Concrete Subject – This class maintains its own state and calls base class notify method to update its observers.

Let’s have a look on below example of Observer design pattern.

Code –
//Observer
public interface IStockPriceWatcher
{
    string Name { get; set; }
    Subject Subject { get; set; }
    void Update(Subject sub);
}
//concrete observer
public class Watcher : IStockPriceWatcher
{
    public string Name { get; set; }
    public Subject Subject { get ; set ; }
    public Watcher(string name)
    {
        Name = name;
    }
    public void Update(Subject sub)
    {
        Console.WriteLine("{0}, {1} price udated to {2}",Name, Subject.Name, Subject.Price);
    }
}
//subject
public abstract class Subject
{
    private string name;
    private double price;
    private List<IStockPriceWatcher> investors = new List<IStockPriceWatcher>();
    public Subject(string Name, double Price)
    {
        name = Name;
        price = Price;
    }
    public string Name
    {
        get { return name; }
    }
    public double Price
    {
        get { return price; }
        set
        {
            if (price != value)
            {
                price = value;
                Notify();
            }
        }
    }
    public void Subscribe(IStockPriceWatcher observer)
    {
        investors.Add(observer);
        observer.Subject = this;
        Console.WriteLine("{0} subscribed to {1}", observer.Name, name);
    }
    public void UnSubscribe(IStockPriceWatcher observer)
    {
        investors.Remove(observer);
        Console.WriteLine("{0} unsubscribed from {1}", observer.Name, name );
    }
    public void Notify()
    {
        investors.ForEach(x => x.Update(this));
    }
}
//concrete subject
public class TCS : Subject
{
    public TCS(string name, double price) :base (name, price) { }
}
//concrete subject
public class Infosys : Subject
{
    public Infosys(string name, double price) : base(name, price) { }
}
//concrete subject
public class Wipro : Subject
{
    public Wipro(string name, double price) : base(name, price) { }
}
class Program
{
    static void Main(string[] args)
    {
        //subjects
        TCS tcs = new TCS("TCS", 3000);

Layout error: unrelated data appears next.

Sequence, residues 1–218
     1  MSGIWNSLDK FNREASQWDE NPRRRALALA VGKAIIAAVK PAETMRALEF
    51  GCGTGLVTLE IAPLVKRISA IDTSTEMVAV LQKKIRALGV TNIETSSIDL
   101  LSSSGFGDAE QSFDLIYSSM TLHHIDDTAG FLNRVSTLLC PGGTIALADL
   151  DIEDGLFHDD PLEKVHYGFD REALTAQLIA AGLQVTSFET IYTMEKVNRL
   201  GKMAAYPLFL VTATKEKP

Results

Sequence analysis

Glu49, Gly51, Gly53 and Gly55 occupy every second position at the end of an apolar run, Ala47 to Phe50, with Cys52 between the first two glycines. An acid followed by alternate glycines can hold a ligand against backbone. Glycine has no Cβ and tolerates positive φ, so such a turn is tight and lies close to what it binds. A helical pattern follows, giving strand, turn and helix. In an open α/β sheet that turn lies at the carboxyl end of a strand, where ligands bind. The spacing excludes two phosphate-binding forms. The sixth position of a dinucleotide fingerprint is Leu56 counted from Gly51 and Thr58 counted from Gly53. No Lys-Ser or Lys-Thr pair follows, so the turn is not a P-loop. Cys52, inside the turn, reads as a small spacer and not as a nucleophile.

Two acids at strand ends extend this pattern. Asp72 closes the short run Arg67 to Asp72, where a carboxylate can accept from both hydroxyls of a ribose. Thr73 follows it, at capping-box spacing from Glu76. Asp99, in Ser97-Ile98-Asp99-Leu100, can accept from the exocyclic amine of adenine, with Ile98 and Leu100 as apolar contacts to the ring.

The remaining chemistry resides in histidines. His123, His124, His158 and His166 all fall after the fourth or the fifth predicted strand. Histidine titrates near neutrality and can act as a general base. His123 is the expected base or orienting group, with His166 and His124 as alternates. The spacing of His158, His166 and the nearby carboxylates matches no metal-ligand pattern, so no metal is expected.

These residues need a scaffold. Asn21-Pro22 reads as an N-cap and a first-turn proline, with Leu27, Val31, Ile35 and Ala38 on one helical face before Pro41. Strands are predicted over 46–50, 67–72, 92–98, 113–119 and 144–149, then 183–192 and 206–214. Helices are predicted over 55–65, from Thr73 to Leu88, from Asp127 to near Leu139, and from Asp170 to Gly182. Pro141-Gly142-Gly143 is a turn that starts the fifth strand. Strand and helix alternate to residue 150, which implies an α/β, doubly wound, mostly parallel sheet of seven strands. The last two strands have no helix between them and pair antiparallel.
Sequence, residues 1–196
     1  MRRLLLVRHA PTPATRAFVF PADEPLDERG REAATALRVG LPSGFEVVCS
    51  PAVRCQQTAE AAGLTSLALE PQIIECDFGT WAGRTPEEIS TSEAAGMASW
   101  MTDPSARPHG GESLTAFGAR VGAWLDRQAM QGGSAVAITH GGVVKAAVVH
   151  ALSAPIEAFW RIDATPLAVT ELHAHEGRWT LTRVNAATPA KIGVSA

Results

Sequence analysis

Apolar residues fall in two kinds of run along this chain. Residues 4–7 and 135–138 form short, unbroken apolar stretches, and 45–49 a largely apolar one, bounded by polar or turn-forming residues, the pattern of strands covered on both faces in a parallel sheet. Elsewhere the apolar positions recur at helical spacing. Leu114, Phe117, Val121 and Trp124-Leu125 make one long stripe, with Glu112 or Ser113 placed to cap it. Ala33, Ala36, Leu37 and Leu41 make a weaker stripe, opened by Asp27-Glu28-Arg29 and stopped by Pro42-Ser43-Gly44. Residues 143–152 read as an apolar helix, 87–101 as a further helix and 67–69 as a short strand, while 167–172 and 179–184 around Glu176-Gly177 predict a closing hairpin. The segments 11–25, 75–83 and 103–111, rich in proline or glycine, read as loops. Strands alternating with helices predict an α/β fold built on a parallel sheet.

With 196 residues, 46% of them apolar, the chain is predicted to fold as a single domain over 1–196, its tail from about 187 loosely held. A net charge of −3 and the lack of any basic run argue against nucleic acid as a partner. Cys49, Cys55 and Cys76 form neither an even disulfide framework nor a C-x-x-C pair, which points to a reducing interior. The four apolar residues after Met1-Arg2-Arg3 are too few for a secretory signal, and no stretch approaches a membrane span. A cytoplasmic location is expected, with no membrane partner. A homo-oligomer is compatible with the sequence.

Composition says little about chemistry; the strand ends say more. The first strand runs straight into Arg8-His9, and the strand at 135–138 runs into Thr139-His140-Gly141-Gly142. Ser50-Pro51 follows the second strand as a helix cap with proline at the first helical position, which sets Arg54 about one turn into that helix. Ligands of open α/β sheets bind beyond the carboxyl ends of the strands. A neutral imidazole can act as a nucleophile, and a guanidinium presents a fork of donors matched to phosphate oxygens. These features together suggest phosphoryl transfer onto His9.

Infosys infy = new Infosys("Infosys", 1100);
        Wipro wipro = new Wipro("Wipro", 350);

        //watchers
        Watcher watcher1 = new Watcher("Watcher1");
        Watcher watcher2 = new Watcher("Watcher2");
        Watcher watcher3 = new Watcher("Watcher3");

        Console.WriteLine(new string('-',30));
        tcs.Subscribe(watcher1);
        infy.Subscribe(watcher2);
        wipro.Subscribe(watcher3);

        Console.WriteLine(new string('-', 30));
        tcs.Price = 3100;
        infy.Price = 1050;
        wipro.Price = 355;

        Console.WriteLine(new string('-', 30));
        tcs.UnSubscribe(watcher1);
        infy.UnSubscribe(watcher2);

        Console.WriteLine(new string('-', 30));
        tcs.Price = 3170;
        infy.Price = 1060;

        Console.WriteLine(new string('-', 30));
        tcs.Subscribe(watcher2);
        infy.Subscribe(watcher1);

        Console.WriteLine(new string('-', 30));
        tcs.Price = 3200;
        infy.Price = 1070;

        Console.Read();
    }
}

Output –


As per this example, the client class creates multiple subjects (stocks) and watchers (subscribers). The client class is also responsible for subscribe and unsubscribe watchers to particular subject (stock). After successful registration, whenever subject’s state (stock price) changes, the respective subscribers will get notify about change.

You can download full code from Gist.

I hope this article helps you to know more about Observer Design Pattern. Please leave your feedback in comments section below.

References –
DoFactory

See Also –
Memento Pattern
Mediator Pattern
Iterator Pattern